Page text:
I bet there's a lightswitch in the gallery too. Is that art?
What about the flooring? The lighting arrangement? Is that still art?
How about the seat that the museum/gallery staff sit on while they watch you don't touch anything?
How about the staff themselves?
And, yes, at some point in time EVERY SINGLE ONE of those things may be considered art in a particular instance, but it doesn't make all lightswitches art, so it's not a defining characteristic (even ignoring the self-fulfilling prophecy of anything in an art gallery somehow becoming art, which would seem to preclude anything *outside* the gallery ever being considered art).
You can't define art by its location any more than you can define it by it's origin ("Oh, yes, Turner made this so it must be art", say the people gathered around a pile of his excrement), age, history, technique, size or anything else. There is no one defining characteristic, no matter how complex, that makes something universally "art". As such it's entirely subjective and has been for the last 100 years or so (interestingly, before that, pretty much everyone agreed on what was art and what wasn't).
If it's subjective, my own personal assertion that anything that doesn't take skill to reproduce isn't art is equally as valid as yours that a water stain is art. If you don't recognise that both assertions are equal, you're just being pretentious unless you can come up with a definition of what art is that everyone (or even a majority) accepts.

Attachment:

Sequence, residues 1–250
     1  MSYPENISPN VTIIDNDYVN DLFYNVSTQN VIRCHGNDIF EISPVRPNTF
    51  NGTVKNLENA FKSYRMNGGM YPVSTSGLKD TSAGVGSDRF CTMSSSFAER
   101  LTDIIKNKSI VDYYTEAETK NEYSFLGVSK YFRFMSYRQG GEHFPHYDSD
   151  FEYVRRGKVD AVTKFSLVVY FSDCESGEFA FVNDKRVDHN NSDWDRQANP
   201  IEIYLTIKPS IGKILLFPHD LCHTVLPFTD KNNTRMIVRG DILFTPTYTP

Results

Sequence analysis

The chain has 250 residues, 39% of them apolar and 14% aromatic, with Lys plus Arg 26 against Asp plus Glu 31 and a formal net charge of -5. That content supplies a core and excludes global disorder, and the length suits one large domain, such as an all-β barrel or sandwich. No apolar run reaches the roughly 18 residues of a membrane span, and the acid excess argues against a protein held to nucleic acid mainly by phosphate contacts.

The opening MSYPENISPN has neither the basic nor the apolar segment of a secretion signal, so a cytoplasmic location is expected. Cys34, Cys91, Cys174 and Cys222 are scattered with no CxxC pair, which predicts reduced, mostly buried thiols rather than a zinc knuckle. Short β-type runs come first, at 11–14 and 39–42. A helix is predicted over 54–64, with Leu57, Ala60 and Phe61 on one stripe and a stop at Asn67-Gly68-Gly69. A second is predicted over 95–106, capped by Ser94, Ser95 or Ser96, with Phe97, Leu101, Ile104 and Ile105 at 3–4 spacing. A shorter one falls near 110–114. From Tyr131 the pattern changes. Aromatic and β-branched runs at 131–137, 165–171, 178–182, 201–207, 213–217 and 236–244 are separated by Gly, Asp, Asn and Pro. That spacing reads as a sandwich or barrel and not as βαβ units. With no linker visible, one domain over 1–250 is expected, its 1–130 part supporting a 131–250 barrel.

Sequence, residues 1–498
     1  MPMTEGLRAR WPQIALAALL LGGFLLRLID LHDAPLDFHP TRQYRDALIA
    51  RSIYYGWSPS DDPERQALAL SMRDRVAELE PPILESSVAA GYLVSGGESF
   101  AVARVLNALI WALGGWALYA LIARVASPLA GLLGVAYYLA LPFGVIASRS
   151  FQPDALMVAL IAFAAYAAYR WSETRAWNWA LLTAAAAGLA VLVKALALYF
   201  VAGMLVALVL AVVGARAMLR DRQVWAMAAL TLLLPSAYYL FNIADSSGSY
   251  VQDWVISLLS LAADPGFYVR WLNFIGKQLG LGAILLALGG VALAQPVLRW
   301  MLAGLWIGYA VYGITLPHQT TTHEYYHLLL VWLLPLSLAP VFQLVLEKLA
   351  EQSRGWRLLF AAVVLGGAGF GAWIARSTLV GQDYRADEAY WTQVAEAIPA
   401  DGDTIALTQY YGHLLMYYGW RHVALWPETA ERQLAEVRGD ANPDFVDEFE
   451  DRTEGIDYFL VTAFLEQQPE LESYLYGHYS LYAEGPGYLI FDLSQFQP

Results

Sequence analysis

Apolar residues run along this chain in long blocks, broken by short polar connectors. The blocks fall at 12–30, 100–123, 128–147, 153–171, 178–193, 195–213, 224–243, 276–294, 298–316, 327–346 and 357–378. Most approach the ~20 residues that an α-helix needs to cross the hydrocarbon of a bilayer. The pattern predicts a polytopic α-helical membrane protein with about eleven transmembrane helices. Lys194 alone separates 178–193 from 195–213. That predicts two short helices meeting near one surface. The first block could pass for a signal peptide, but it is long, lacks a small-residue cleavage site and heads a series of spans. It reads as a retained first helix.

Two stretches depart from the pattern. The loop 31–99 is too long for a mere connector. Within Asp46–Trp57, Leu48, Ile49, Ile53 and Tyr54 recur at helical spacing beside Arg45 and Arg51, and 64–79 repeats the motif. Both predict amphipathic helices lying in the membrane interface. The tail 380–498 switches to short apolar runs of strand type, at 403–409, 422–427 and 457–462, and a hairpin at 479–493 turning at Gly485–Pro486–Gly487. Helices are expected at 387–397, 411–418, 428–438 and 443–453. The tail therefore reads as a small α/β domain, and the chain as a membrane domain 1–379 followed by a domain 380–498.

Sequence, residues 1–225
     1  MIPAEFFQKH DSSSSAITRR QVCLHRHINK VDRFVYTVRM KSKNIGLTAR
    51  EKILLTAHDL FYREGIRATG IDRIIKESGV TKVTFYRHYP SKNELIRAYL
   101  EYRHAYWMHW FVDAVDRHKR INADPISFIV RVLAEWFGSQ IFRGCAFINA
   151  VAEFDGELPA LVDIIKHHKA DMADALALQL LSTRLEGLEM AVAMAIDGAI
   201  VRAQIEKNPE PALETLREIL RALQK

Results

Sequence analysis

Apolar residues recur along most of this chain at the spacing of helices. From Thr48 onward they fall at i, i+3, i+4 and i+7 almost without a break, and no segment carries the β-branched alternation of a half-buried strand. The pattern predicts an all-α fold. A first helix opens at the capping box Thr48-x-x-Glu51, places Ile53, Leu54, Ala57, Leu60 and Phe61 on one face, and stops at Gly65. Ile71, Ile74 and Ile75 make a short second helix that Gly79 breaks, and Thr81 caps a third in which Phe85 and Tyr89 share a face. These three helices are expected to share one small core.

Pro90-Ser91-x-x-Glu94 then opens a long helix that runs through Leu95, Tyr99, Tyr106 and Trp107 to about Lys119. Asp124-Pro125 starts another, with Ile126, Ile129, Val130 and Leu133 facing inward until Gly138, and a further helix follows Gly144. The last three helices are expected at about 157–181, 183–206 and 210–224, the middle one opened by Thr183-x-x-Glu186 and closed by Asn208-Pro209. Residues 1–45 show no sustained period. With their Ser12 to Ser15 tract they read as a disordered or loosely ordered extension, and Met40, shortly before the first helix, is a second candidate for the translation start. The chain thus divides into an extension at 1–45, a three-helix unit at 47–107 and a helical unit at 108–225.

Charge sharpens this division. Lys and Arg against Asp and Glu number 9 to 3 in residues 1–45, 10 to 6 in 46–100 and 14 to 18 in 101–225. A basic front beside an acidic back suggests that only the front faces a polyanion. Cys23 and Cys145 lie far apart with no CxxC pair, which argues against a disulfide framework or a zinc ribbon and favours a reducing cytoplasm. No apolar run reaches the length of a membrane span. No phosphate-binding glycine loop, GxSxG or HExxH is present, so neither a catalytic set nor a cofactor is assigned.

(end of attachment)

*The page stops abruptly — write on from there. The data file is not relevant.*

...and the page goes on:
Mona Lisa? Art, in my opinion, because it would take immense skill to reproduce the item in question by hand with only a paintbrush and some colours (which is how it was originally made). There's no way I could do it in a hundred years of trying. Even a decent artist would be unable to capture the same magic. Almost all of the classical artists, for everything from chapel ceilings to sculptures to paintings, fit that profile.
"Modern art" doesn't. Any idiot can, quite literally, reproduce using identical techniques those "pieces" - hell, children often do a better job every day in school (see my example above about the Olympic posters, for example) - and there have been tests and trials where even the most experienced art-lover can't distinguish between a child's drawing and the work of some modern artist that they are familiar with. I think you'd spot a child's version of the Mona Lisa, though, against the real thing and if you *couldn't*, I think it's fair to say that child was a good artist.
You can be as pretentious as you like and the whole art world since about the 20's has tried to form a clique by the simple precept of saying that nobody else understands them, even when they are caught worshipping the scrawls of an actual child rather than the artist they think made it, and that anyone who doesn't understand these unwritten, unspoken rules is somehow stupid. In that instance, I'll be on the side of stupid, thanks, as will vast proportions of the world's population.